The Making & Meaning pod offers the opportunity both to create and to examine cultural objects. The Meaning of Things considers broadly how we value and give meaning to material objects–individually, culturally, and historically. In Pottery, students will hand-make objects for daily use in considering whether a handmade cup can save the world. Together the courses provide context for and examples of the concepts at hand–craft and curation, making and meaning–creating a complementary and synergistic combined study.
Enrollment Requirements and Options:
Students are highly encouraged to co-enroll in both courses in this pod. Being a TA for one or both courses is possible with previous experience. This pod is not a good fit for students wishing to take an additional class or independent study.
Mondays, all day: Pottery
Tuesdays, all day: Meaning of Things
Wednesdays, all day: Pottery
Thursdays, all day: Meaning of Things
Friday: flex time and work day
This pod includes the following courses:
HM481B The Meaning of Things
This seminar explores how we give meaning to material objects–individually, culturally, and historically. It will be both theoretical and practical, looking at how these ideas play out specifically through museums (how things are displayed, what meaning is given to them, how choices are made about what to display, etc.), as well as the cultural and ecological impacts of the ways in which museums construct and value meanings. It will be a writing-intensive course (and also reading intensive!). There will be a number of field trips to local museums. Each student will curate an exhibition of their own design on campus as a final project (in response to a question developed by the group). Prerequisites: One Foundations course, one 200- or 300-level writing-intensive course, and Junior or Senior status.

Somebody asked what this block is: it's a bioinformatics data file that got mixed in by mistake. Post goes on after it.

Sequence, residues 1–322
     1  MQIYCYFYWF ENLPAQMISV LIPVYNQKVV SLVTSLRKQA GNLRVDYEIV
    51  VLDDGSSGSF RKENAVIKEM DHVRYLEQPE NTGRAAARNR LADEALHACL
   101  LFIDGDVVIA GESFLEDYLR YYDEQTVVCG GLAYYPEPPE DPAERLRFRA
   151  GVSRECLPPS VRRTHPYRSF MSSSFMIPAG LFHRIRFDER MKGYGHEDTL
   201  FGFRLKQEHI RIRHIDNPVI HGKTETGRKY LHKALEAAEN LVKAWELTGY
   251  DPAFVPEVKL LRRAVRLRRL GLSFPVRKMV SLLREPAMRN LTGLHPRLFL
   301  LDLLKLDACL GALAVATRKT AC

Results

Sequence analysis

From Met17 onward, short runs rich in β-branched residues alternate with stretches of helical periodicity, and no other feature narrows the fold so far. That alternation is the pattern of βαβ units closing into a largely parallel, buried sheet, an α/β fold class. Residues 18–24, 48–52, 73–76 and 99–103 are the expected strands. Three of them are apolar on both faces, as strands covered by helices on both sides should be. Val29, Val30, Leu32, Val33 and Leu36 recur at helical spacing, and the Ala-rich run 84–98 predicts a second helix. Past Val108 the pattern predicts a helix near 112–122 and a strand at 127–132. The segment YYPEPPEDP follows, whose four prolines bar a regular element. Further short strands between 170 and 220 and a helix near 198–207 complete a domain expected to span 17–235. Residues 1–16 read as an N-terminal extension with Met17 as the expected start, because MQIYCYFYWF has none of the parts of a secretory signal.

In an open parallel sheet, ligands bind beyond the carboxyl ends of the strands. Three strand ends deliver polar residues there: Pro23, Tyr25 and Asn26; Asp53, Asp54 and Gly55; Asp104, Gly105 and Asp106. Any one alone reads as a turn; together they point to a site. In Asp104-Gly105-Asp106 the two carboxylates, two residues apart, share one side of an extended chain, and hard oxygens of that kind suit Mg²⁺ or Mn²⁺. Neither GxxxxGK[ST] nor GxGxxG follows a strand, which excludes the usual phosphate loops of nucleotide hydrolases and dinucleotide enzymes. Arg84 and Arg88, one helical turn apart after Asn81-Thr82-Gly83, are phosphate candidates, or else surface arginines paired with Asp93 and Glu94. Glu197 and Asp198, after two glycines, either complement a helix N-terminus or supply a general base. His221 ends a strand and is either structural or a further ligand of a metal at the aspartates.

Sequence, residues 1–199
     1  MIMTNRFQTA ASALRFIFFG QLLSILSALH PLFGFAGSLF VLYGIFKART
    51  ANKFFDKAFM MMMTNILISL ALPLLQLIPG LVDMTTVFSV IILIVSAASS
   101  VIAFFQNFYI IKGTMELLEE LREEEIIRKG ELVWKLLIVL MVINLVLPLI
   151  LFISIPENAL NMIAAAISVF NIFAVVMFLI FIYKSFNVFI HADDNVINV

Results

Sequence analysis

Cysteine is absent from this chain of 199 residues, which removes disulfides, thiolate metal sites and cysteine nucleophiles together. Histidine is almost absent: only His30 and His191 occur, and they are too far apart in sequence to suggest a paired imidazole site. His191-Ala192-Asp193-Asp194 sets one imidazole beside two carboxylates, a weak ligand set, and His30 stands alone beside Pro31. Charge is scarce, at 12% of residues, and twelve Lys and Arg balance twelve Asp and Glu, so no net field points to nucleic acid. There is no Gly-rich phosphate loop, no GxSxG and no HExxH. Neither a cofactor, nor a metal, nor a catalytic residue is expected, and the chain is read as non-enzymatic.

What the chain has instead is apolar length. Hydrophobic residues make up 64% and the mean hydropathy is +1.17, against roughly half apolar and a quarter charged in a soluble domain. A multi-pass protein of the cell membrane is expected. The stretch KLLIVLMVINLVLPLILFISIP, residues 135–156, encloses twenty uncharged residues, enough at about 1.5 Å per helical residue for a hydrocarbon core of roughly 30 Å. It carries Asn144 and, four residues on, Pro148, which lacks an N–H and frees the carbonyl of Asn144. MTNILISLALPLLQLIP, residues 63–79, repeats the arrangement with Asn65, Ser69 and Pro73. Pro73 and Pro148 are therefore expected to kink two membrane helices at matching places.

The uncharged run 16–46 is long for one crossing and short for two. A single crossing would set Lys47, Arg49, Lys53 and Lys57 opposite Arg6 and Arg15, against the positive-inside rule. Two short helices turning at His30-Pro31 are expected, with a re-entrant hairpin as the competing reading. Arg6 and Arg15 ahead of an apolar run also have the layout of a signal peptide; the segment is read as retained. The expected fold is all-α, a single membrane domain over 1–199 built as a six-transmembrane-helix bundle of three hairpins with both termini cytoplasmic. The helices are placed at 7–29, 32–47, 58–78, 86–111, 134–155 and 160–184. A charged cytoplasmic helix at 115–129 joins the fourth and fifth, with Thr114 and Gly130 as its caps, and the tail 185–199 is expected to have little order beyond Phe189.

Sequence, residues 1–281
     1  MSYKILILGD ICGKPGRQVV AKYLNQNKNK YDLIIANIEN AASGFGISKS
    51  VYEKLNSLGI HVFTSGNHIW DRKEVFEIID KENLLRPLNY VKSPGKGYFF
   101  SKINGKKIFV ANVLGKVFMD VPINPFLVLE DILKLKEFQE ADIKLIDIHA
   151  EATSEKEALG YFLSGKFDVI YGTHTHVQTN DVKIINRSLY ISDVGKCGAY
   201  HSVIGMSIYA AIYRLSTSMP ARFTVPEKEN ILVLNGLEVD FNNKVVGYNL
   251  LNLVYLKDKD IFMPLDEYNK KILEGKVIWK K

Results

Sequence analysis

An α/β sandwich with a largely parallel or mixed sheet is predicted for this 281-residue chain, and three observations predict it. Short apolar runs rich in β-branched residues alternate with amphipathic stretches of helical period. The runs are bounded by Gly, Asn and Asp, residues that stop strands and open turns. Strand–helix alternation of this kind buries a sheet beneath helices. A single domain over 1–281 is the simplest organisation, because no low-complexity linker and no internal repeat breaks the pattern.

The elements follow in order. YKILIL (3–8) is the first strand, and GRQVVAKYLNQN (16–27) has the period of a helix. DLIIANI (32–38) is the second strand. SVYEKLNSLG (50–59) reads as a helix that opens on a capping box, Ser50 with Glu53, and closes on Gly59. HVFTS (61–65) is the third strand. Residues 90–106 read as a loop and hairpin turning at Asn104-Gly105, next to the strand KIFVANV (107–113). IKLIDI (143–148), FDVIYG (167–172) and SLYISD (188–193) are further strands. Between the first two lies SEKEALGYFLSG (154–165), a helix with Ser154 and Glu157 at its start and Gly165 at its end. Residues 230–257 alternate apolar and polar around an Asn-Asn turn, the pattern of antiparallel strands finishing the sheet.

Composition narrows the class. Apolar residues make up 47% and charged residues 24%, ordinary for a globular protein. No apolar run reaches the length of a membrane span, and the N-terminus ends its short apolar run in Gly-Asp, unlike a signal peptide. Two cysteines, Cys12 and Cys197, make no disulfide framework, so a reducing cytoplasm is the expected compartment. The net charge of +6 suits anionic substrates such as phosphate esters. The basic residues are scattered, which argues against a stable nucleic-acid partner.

HM272G Wheel Thrown Pottery
A challenging hands-on, wheel throwing class. Students will explore and develop some mastery with a range of pottery forms and techniques. This is an intensive, studio based, skill building workshop in wheel throwing techniques. Students should expect to spend at least 3-4 hours a day outside of class time in the studio to complete assignments. Through demonstrations and individual instruction, plus plenty of practice time, students will explore and create a variety of primarily functional forms in clay. Students will keep a collection of sketches and images and glaze notes for self reflection, goal setting and exploration in design. Two small research papers prepared by each student and shared in class will enhance each potter’s understanding of the clay world.
By the end of this course, students will be able to throw a variety of basic pottery forms including bowls, mugs, tumblers, lidded jars, pitchers and candleholders. Students will have some proficiency in a variety of surface decorating techniques including altering, carving, stamping, and glazing. Students will develop a vocabulary to discuss and critique pottery in terms of anatomy, form, craftsmanship, style and functionality. Students will have a good feel for the nature of clay.